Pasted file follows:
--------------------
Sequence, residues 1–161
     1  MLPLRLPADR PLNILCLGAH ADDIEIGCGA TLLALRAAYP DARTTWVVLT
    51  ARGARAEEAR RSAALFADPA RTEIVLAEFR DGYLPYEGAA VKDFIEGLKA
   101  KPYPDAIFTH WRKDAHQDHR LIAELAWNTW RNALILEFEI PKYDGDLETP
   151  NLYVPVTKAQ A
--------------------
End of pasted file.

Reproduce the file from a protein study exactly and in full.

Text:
Sequence, residues 1–161
     1  MLPLRLPADR PLNILCLGAH ADDIEIGCGA TLLALRAAYP DARTTWVVLT
    51  ARGARAEEAR RSAALFADPA RTEIVLAEFR DGYLPYEGAA VKDFIEGLKA
   101  KPYPDAIFTH WRKDAHQDHR LIAELAWNTW RNALILEFEI PKYDGDLETP
   151  NLYVPVTKAQ A